- George Takei as himself
- Bruce Vilanch as himself
- Charlotte Rae as Mrs. Greenhouse
- Edmund Lyndeck as Pharmacist
- Harry Denton as Undercover Agent
Sandler, Robert Smigel, and Judd Apatow wrote the first draft of the script in 2000, but the movie was delayed after the events of 9/11 because those involved felt that the subject would be too sensitive. Apatow left the project after the first draft in 2000 to work on his show Undeclared and had, for the most part, not been involved in the project since. The film is based in part on the story of Nezi Arbib, an Israeli soldier who after his service moved to southern California and opened a hair salon. Sandler trained with Arbib and his brothers, also former soldiers, for two weeks to learn hairstyling and work with clients. The movie features elements that first appeared in the SNL sketches "Sabra Shopping Network" and "Sabra Price Is Right," which starred Tom Hanks and were written by Robert Smigel. They originated lines such as 'Sony guts' and 'Disco, Disco, good, good'. The first sketch is also notable for featuring one of Adam Sandler's first (uncredited) television appearances while the second featured Sandler, Schneider, Smigel and Kevin Nealon in supporting parts. Robert Smigel worked with Sandler on past films including Billy Madison, Happy Gilmore, and Little Nicky, but this was the first time in which he was credited for helping to write the script. He was also an executive producer on the film which allowed him to further contribute to the movie's comedic sensibility. The Israeli newspaper Haaretz commented that the movie was known in Hollywood circles as "the Israeli movie." Haaretz also noted that while "Israeli actors were rushing to audition [for the movie]," the response among Arab actors was far from enthusiastic. (Emmanuelle Chriqui, who played Zohan's Palestinian love interest, was raised as an Orthodox Jew.) The film poked fun at the popularity of hummus in Israeli culture. In the movie, characters used it to brush their teeth and as a method to douse the flames of a fire, as well as a hair care product.
The score to the film was composed by Rupert Gregson-Williams. He recorded his score with the Hollywood Studio Symphony at the Sony Scoring Stage in April 2008. The soundtrack contains many songs in Hebrew, mostly by the popular Israeli band Hadag Nahash, the psychedelic trance duo Infected Mushroom, and Dana International. The film features "Strip" by Adam Ant, "Look on the Floor (Hypnotic Tango) (Angel City Remix)" by Bananarama, the Ace of Base songs "Hallo Hallo" and "Beautiful Life", the Rockwell song Somebody's Watching Me and Mariah Carey songs Fantasy and "I'll Be Lovin' U Long Time".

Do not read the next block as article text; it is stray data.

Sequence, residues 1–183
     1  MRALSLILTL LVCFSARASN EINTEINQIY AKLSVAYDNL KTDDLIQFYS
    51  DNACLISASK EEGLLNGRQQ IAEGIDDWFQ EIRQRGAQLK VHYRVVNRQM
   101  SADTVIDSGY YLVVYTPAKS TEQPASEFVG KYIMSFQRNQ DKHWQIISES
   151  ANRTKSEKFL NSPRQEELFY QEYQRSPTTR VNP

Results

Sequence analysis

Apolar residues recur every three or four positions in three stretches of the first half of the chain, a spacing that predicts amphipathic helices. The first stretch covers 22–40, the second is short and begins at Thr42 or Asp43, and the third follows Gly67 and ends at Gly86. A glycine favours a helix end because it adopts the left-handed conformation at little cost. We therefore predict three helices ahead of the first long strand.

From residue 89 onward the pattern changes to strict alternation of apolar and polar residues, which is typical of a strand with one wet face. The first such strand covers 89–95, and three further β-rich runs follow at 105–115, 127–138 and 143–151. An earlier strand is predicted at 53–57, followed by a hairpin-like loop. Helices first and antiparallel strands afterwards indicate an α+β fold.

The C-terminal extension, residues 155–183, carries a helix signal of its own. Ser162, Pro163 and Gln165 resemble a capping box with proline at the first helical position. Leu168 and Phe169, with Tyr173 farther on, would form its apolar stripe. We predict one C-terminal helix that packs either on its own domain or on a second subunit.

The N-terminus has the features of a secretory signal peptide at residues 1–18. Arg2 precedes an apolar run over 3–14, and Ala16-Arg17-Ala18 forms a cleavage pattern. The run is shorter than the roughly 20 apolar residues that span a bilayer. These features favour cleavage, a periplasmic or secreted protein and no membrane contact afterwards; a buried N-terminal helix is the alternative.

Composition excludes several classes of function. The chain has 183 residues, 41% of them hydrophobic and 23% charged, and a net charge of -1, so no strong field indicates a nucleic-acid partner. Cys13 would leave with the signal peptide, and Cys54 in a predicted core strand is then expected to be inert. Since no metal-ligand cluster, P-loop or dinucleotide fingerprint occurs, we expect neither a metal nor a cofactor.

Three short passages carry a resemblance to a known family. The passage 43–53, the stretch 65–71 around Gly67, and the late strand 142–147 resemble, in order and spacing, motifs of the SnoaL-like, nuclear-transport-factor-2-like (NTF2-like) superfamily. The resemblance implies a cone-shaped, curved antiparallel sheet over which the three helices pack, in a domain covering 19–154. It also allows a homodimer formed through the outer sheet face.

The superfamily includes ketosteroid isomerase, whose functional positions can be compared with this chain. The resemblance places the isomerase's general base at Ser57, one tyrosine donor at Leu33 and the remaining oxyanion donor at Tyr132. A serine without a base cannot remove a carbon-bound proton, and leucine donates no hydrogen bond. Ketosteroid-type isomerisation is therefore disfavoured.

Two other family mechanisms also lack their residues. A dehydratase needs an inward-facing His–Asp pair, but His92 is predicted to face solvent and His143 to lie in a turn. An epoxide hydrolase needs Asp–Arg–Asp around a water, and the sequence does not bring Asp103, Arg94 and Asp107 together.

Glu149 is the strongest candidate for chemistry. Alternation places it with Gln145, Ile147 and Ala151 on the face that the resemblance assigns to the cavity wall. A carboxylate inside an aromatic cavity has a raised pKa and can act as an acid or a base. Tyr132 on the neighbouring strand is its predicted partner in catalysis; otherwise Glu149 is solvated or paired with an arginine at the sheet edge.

The soundtrack contains (near the end) music re-arranged for the movie by Julius Dobos, based on the song "Jimmy Jimmy Jimmy Aaja" from the Bollywood movie Disco Dancer (1982) starring Mithun Chakraborty.
Rotten Tomatoes gives the film a score of 37% based on 188 reviews; the site's consensus is that the film "features intermittent laughs, and will please Sandler diehards, but after a while the leaky premise wears thin." Metacritic gives the film a rating of 54 out of 100, based on 37 reviews—indicating mixed or average reviews.
John Podhoretz, in The Weekly Standard, wrote that the movie has a "mess" of a plot and features, "as usual for Sandler, plenty of dumb humor of the sort that gives dumb humor a bad name, but that delights his 14-year-old-boy fan base." But the film also has an "unusual" amount of "tantalizing comic ideas" so that "every 10 minutes or so, it makes you explode with laughter." Entertainment Weekly gave the movie a C+ grade, calling it "another 'mess' from Sandler" which is, unlike Monty Python, a "circus that never flies."
On the positive side, Time claimed the film to be a "laff scuffle," and Roger Ebert of the Chicago Sun-Times gave the film 3 out of 4 stars. David Edelstein of New York Magazine went as far as to say "Adam Sandler is mesmerizing," and A.O. Scott of The New York Times said it was "the finest post-Zionist action-hairdressing sex comedy I have ever seen."
You Don't Mess with the Zohan grossed $38 million on its opening weekend, ranked second behind Kung Fu Panda. As of September 7, 2008[update], it reached a US tally of $100 million. The film grossed $199.9 million worldwide.
Home media 
The film was released on DVD on October 7, 2008, with a 2-disc unrated edition, a single-disc unrated edition, and a theatrical edition, as well as a Blu-ray edition and UMD for PSP. It has sold over 1.2 million DVD units gathering revenue of $25.1 million.
- "You Don't Mess with the Zohan (2008)". British Board of Film Classification. Retrieved 1 February 2013.
- "Box Office Mojo: You Don't Mess With the Zohan". Box oFfice Mojo. Retrieved February 24, 2018.
- Rabin, Nathan (June 2, 2008). "Interview: Robert Smigel". The A.V. Club. Retrieved 2009-12-27.
- "Real-Life 'Zohan' Calls San Diego Home". 10News.com. 2008-06-04. Retrieved September 13, 2011.
- Gilad Halpern (May 25, 2008). "'Shampoo' meets 'Munich': New Adam Sandler film stars Mossad hit man turned hairdresser". Haaretz.
- Podhoretz, John (June 16, 2008). "Pushtak to Shove: Adam Sandler attacks the Middle East". The Weekly Standard. 13 (38). Retrieved June 13, 2008.
- Marks, Gil (2010), Encyclopedia of Jewish Food, John Wiley and Sons, pp. 269–271
- ‘Zohan’ Film Styles a New Israeli Hero, Rebecca Spence. The Forward. June 12, 2008
- The Commentator: Is Adam Sandler Our Greatest Jewish Mind?, Daniel Treiman. The Forward. June 19, 2008
- Dan Goldwasser (2008-04-20). "Rupert Gregson-Williams scores You Don't Mess with the Zohan". ScoringSessions.com. Retrieved 2008-04-20.
- "You Don't Mess With the Zohan (2008)". Rotten Tomatoes. Retrieved 19 April 2018.
- You Don't Mess with the Zohan at Metacritic
- Lisa Schwarzbaum (June 13, 2008). "Movie Review: You Don't Mess With the Zohan (2008)". Entertainment Weekly (997).
- Richard Schickel (June 5, 2008). "Zohan: Laff Scuffle, Not Laff Riot". Time.
- Movie Review: You Don't Mess With the Zohan (PG-13). Roger Ebert. June 6, 2008.
- David Edelstein (June 5, 2008). "Israeli Stud, Aspiring Hairdresser". New York Magazine.
- A.O. Scott (June 6, 2008). "Watch Out, He's Packing a Blow-Dryer". The New York Times.